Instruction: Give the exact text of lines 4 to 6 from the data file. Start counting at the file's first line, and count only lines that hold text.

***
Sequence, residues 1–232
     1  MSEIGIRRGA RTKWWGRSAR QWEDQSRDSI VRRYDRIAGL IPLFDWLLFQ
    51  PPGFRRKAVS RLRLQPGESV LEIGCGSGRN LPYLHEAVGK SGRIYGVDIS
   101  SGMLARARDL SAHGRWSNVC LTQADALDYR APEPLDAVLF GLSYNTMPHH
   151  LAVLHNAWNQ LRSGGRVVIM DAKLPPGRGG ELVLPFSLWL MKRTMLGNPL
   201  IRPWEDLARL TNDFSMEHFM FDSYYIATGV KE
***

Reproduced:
   101  SGMLARARDL SAHGRWSNVC LTQADALDYR APEPLDAVLF GLSYNTMPHH
   151  LAVLHNAWNQ LRSGGRVVIM DAKLPPGRGG ELVLPFSLWL MKRTMLGNPL
   201  IRPWEDLARL TNDFSMEHFM FDSYYIATGV KE